2Questions to be asked What is conscience? Where does conscience originate?Is conscience innate or acquired?What is its function in ethical decision-making?
3Mark Twain‘I have noticed my conscience for many years, and I know it is more trouble and bother to me than anything else I started with.’
4Generic ViewsA moral faculty, sense or feeling which compels individuals to believe that particular activities are morally right or wrong.There exists a sense of moral obligation.There implies objective morality.Inherited at birth and present throughout life.
5Problems with Conscience Different people’s consciences tell them to do very different things with a clear conscience.Individual consciences seem to change with the times so that they perform contrary actions with a clear conscience.Under what conditions can conscience change?
6Religious Influences on Conscience We all have a conscience that is part of us but not identified with our physical makeup.Druids believed it was located in the liver.
7Biblical IdeasAnd the LORD God formed man of the dust of the ground, and breathed into his nostrils the breath of life; and man became a living soul. – Genesis 2:7When Gentiles, who do not possess the law, do instinctively what the law requires, these, though not having the law, are a law to themselves. They show that what the law requires is written on their hearts. – Romans 2:14-15a
8Biblical Ideas Implications: The conscience is God- given. Morality is objectiveAll people have the same access to morality.By following one’s conscience one is following the divine law.
9Reason seeking understanding Thomas Aquinas (1225 – 1274)Reason seeking understandingThe conscience is the natural ability of people to understand the difference between right and wrong using reason.The conscience is ‘The mind of man making moral judgements.’
10Thomas Aquinas (1225 – 1274)People innately aim for what is good and try to avoid the bad.See Natural Moral LawSin is falling short of God’s ideals – poor use of reason.See Augustine’s Evil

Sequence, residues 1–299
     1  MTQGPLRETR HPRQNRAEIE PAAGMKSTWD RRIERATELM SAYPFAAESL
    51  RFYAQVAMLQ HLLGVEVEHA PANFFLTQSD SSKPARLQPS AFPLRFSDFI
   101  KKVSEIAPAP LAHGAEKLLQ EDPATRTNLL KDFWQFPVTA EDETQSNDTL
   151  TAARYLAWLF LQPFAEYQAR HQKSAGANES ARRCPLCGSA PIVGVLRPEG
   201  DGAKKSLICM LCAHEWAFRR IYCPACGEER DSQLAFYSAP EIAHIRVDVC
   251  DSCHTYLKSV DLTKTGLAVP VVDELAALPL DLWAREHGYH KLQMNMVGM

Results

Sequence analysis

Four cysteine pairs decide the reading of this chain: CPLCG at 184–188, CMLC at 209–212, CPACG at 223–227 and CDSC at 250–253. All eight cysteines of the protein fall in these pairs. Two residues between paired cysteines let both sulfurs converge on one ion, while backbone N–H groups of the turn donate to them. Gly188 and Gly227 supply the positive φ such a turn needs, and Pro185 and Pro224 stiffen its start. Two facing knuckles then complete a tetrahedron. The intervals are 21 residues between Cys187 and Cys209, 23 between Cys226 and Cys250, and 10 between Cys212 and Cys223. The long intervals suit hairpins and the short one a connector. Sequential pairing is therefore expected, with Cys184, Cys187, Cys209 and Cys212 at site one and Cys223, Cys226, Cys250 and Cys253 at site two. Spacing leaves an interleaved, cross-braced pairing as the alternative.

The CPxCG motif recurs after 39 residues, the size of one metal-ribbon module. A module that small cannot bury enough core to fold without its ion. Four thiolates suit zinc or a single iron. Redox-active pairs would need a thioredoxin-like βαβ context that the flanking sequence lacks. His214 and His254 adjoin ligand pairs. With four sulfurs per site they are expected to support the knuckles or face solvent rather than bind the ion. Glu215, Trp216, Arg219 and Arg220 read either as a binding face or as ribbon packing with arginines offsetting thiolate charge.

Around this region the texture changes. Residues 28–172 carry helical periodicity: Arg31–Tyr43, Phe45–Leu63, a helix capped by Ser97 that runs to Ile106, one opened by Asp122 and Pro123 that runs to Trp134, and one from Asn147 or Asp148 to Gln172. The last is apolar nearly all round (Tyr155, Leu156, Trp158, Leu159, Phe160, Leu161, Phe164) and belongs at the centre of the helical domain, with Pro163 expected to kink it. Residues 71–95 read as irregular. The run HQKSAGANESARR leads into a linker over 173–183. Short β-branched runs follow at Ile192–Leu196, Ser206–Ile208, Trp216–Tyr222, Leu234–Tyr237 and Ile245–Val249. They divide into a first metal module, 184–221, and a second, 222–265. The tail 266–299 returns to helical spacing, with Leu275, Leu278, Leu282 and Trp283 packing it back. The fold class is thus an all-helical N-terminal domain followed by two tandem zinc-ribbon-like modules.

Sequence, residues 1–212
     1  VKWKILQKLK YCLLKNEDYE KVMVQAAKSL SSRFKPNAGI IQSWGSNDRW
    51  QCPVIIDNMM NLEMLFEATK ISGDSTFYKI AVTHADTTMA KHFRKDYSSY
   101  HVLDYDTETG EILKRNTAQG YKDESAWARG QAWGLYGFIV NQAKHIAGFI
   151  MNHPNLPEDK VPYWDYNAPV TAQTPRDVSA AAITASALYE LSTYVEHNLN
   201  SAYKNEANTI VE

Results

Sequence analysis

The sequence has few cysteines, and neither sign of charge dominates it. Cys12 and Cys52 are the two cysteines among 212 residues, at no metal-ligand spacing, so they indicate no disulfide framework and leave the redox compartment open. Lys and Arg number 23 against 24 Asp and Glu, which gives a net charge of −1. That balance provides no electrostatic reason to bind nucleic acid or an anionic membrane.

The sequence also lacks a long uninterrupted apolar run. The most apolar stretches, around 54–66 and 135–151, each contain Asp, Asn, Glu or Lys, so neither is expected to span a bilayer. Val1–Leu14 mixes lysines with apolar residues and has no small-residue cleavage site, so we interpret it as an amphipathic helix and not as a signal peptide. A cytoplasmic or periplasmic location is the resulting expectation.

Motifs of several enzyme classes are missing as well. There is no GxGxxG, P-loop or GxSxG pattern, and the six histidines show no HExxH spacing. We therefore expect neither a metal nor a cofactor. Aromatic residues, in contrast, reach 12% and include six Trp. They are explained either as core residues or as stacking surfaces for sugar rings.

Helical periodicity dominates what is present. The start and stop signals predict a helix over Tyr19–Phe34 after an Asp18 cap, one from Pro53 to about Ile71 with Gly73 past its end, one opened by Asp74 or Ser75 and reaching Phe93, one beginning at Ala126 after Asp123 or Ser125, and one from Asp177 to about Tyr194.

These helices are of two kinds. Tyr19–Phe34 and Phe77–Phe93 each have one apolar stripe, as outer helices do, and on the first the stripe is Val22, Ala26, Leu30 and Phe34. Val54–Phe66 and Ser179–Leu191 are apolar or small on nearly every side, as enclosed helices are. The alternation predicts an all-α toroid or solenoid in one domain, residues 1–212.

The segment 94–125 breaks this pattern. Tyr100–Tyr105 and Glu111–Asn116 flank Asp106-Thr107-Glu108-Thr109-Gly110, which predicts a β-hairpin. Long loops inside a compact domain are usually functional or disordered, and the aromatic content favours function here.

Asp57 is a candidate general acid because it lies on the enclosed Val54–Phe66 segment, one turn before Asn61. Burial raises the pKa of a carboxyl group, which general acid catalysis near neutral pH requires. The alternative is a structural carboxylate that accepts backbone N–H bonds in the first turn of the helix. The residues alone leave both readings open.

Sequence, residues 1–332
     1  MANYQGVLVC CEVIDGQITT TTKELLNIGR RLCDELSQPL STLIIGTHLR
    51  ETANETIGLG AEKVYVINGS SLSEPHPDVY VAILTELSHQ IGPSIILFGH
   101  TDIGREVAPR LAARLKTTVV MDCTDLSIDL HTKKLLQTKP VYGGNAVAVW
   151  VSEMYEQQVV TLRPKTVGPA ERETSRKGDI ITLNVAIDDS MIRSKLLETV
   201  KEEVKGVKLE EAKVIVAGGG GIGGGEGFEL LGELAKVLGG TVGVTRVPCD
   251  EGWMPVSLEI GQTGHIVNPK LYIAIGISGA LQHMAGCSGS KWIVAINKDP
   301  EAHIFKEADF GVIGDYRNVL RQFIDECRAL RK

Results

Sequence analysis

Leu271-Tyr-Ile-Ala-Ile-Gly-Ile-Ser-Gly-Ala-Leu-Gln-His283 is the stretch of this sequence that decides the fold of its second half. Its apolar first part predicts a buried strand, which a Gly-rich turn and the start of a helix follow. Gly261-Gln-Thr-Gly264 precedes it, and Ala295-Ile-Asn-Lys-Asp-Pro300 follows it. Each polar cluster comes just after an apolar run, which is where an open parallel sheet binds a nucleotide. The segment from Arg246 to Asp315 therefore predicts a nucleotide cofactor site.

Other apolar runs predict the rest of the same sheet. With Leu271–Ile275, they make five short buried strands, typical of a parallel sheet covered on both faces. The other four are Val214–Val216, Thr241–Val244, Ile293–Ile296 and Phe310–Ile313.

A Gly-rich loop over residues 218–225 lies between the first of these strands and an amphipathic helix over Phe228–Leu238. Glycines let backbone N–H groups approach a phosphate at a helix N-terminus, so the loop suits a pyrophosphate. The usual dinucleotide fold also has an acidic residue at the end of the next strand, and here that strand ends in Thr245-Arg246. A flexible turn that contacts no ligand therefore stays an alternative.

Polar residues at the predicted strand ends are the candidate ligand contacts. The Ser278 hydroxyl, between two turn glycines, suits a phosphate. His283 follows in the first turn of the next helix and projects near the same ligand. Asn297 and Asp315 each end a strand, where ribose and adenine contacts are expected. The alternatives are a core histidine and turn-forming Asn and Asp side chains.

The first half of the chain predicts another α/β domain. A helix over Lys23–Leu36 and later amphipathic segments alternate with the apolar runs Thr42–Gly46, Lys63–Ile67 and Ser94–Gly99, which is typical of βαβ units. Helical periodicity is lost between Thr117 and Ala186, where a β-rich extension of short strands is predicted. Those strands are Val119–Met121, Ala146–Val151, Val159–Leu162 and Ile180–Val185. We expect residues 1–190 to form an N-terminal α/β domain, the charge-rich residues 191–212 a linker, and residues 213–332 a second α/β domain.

11Thomas Aquinas (1225 – 1274) Synderesis (right reason) Knowledge and understanding of moral principles and values.Conscientia (right action)The actual ethical judgements / decisions a person makes.
12Thomas Aquinas (1225 – 1274) Conscience Distinguish right from wrong Make decisions when confronted with moral dilemmas.It is right to follow your conscience because it is right to follow moral principles.Immoral actions occur because of poor reason.
13Joseph Butler (1692 – 1752) Conscience from God ‘There is a principle reflection in men by which they distinguish between approval and disapproval of their own actions … this principle in man … is conscience.’This distinguishes us from animals – we are in touch with God’s Will.
14Joseph Butler (1692 – 1752) Authority The conscience ‘magisterially exerts itself’ spontaneously ‘without being consulted’ automatically and with authority .‘Had it strength, as it has right; had it power as it has manifest authority: it would absolutely govern the world.’
15Hierarchy of Human Nature Joseph Butler (1692 – 1752)Hierarchy of Human NatureConsciencePrinciples of reflectionApprove or disapprove of our actionsImpulse of Self-Love and Benevolenceselfishness and selflessnessDrivesNo thought of consequence
16Joseph Butler (1692 – 1752) Some Questions Is conscience reason or emotion?It doesn’t matter, it’s God-Given and so must be observed!If conscience identifies God’s Will, why do some people commit evil?Evil comes from blinding one’s conscience.God Wills It
17The purpose of conscience Joseph Butler (1692 – 1752)The purpose of conscienceTo guide us to a happy life.Eudaimonia!Harmonise self-love and benevolence.Love thy neighbour!
18John Henry Newman (1801-1890) The Voice of God When a person follows conscience he is simultaneously and mysteriously following a divine law.Letter to the Duke of Norfolk (1874)